Union leaders' views of employee assistance programs
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This study explored union leaders' attitudes and perceptions about Employee Assistance Programs (EAPs) in the united states. Three hundred and five union leaders who were participants in a union leadership training program completed the survey instrument. This study explored a number of research questions that add to the descriptive knowledge about EAPs and tested four groups of hypotheses concerning union leaders' view of EAPs.
The first two hypotheses examined the readiness of union leaders to cooperate with management on the EAP. The second hypothesis examined the factors that affect the readiness to cooperate variables. The results revealed that the majority of union leaders perceive EAPs as increasing human capital rather than as a form of management control. The readiness to cooperate was found to be affected by the presence of training, written materials, and whether the EAP was in collective bargaining agreement. Generally, the demographic characteristics of union leaders did not have an impact on their views of EAPs. Replication of the research of Trice and Beyer (1982) was conducted and little similarity was found with their earlier findings.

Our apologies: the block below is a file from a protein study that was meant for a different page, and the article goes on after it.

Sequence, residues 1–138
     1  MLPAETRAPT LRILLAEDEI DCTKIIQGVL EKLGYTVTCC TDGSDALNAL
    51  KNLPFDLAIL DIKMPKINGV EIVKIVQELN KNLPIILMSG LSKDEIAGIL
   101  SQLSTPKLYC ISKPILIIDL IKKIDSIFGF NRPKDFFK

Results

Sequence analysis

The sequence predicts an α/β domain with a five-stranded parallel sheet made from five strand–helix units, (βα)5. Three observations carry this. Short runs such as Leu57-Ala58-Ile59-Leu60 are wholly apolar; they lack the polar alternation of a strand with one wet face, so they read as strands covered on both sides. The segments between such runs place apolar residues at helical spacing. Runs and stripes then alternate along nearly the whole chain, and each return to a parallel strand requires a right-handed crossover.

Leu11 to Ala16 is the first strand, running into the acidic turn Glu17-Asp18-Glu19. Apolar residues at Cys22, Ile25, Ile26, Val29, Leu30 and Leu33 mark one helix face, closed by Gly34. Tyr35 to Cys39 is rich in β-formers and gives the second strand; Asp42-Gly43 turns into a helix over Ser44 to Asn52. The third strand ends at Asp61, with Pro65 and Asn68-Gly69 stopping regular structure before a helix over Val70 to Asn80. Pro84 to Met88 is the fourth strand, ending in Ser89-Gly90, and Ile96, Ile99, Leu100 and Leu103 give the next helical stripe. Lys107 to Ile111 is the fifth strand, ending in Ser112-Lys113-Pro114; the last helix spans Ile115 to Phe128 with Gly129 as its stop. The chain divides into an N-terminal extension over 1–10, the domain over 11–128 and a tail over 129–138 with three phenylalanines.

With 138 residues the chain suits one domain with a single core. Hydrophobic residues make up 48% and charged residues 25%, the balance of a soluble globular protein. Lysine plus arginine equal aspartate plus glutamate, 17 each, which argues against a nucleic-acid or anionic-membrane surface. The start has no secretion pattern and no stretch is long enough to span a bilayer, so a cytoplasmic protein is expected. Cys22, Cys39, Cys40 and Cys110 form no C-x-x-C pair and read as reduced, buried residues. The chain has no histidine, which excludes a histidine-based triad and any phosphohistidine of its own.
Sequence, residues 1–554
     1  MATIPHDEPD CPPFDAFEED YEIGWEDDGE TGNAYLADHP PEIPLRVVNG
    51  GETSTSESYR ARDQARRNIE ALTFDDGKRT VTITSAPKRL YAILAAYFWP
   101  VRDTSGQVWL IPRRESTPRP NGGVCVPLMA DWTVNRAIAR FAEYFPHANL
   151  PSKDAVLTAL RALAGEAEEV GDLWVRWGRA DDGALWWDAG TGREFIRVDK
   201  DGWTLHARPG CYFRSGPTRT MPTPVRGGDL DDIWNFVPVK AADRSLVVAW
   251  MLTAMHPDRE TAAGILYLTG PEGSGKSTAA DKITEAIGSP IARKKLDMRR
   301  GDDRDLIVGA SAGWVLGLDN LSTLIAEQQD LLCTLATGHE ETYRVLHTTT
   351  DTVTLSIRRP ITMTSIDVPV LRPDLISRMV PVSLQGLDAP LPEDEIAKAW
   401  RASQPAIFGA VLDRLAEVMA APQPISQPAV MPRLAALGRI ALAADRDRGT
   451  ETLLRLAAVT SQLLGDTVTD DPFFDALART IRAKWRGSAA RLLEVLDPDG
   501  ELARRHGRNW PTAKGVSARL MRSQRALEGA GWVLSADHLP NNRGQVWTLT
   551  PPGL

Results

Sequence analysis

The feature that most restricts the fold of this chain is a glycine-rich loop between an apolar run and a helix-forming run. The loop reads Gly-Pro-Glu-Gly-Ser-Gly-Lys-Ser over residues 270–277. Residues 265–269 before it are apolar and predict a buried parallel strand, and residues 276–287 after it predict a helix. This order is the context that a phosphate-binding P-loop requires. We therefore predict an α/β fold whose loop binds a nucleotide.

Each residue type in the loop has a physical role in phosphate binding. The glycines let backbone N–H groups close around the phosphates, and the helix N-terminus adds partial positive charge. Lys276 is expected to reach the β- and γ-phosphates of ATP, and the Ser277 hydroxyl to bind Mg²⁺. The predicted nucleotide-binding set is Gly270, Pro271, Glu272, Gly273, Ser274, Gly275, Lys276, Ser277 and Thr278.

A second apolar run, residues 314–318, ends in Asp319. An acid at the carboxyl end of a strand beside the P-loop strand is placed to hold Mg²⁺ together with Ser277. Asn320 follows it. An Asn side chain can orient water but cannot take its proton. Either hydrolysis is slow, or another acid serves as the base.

The results revealed that EAPs were relatively new in this population, were generally sponsored by the company and the actual services delivered by EAP providers. Union leaders perceived the drug problem in America as serious but saw it as less serious in their locals. Drug testing was being conducted at most of the companies and one half of the companies referred workers who tested positive to the EAP for assistance.
- Doctoral Dissertations